We adopted our daughter at about five months old. Prior to that, she was considered medically fragile and in a foster home.
She developed typically and hit many milestones, but still, curious behaviours surfaced. Her sleep pattern was chaos, she screamed often, was seemingly inconsolable and didn’t really like to be held. For a period of time when she was about two, she didn’t sleep more than two hours a night. That went on for over a year. Her sensory issues were significant. She startled at odd noises and she was hypervigilant. She was hyperactive. She scratched at her skin until it was bleeding. Eventually, we realized she was reacting to fragrance in laundry detergent. Those were just a few of the initial things we noticed.
When she started moving, she was always on the go, in a frantic flurry of activity, but without any normal trepidation or fear. Her fearlessness over the years has sometimes been part of her charm and other times it's also been terrifying as a parent.
"It took a team of support staff sometimes hours to get her into class."
At around three, we began adding more safety devices to our home because she had zero impulse control and would race out the front door or charge after strangers. I remember many scary minutes spent running after her when she bolted out of the blue and ran away. She often took off when overwhelmed, no matter where she was at the time. Once, at four or five years old, she ditched us at Disney, on my watch no less. My oldest girl was with my husband riding Pirates of the Caribbean and when they came back, we found her in a huge crowd of adults.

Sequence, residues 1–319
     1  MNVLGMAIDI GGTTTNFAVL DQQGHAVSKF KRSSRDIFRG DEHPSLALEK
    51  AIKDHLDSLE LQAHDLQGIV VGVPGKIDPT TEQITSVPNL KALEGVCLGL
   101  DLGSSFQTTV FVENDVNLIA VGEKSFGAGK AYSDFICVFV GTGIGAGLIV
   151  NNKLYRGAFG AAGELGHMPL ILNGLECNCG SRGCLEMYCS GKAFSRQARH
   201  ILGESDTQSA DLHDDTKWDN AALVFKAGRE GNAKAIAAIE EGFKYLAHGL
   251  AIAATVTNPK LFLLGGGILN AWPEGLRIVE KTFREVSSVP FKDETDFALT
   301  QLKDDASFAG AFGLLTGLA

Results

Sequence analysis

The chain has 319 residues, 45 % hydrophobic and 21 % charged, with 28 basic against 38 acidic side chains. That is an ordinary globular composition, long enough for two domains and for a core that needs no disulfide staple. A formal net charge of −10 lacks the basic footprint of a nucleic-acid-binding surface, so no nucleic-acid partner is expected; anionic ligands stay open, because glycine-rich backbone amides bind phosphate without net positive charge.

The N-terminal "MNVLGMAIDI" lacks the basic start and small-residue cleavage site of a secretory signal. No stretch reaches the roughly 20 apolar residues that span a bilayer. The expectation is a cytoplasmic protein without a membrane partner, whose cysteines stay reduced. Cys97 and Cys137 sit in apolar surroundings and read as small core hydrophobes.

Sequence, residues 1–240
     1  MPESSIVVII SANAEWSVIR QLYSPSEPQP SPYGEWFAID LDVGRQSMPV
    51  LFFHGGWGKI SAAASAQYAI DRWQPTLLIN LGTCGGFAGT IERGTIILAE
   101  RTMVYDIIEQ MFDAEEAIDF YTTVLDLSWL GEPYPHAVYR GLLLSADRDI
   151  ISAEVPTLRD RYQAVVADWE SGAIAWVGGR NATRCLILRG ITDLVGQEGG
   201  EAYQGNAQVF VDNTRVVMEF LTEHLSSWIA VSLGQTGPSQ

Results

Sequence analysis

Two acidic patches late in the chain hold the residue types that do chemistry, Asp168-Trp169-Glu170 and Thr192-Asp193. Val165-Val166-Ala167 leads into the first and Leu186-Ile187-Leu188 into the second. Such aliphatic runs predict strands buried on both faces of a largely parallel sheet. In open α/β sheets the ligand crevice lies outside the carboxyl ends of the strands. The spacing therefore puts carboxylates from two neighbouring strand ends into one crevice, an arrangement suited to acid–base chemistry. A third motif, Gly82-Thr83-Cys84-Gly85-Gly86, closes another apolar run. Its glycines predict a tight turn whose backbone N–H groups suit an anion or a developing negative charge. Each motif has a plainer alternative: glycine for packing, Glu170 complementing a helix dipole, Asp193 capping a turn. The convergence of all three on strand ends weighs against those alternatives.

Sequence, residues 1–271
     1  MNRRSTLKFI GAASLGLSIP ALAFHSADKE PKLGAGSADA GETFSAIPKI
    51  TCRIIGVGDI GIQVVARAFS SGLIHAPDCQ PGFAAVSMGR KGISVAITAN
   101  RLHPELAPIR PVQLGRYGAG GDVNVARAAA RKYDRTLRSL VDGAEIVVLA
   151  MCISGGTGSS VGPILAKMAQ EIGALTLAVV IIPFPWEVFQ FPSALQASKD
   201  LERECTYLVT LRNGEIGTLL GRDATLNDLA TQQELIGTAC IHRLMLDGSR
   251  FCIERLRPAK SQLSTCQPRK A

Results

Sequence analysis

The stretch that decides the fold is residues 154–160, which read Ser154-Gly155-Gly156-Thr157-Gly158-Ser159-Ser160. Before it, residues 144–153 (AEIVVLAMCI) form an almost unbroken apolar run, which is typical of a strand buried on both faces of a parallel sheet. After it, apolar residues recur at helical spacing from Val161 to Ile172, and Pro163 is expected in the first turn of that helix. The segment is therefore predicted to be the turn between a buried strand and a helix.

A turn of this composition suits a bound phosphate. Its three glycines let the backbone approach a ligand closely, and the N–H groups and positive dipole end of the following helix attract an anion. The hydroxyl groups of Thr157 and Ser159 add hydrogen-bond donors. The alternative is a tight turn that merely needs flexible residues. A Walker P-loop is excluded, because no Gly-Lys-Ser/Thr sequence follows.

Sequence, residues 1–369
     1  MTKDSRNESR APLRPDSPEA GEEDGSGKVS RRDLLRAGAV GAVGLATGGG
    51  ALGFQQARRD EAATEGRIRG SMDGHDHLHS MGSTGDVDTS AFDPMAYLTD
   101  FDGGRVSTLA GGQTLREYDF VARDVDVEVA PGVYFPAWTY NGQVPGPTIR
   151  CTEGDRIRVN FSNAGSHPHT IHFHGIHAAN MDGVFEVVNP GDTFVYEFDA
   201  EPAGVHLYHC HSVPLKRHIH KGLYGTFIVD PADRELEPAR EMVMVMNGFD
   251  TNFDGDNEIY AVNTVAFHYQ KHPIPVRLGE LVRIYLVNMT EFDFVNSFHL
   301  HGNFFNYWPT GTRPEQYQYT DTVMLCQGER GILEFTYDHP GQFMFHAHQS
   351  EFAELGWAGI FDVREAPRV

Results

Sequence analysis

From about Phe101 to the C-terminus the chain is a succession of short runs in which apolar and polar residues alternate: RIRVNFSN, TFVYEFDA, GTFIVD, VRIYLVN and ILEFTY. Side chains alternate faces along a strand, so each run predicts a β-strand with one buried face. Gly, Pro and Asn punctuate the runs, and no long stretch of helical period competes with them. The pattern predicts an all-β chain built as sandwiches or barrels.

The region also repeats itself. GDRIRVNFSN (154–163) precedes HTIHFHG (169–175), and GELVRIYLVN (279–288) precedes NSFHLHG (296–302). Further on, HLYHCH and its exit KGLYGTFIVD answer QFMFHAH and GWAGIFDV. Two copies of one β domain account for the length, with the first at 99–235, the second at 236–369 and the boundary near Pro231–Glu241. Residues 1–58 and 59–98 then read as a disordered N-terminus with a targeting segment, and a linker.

When it came to school, at the start it was a rough go, no matter how many transition meetings we had. It took a team of support staff sometimes hours to get her into class. Separation anxiety was a big factor and at school she lashed out or ran away overwhelmed. But she loved physical education and excelled at all sports.
Who should know about your child's diagnosis? Learn how to make that decision here.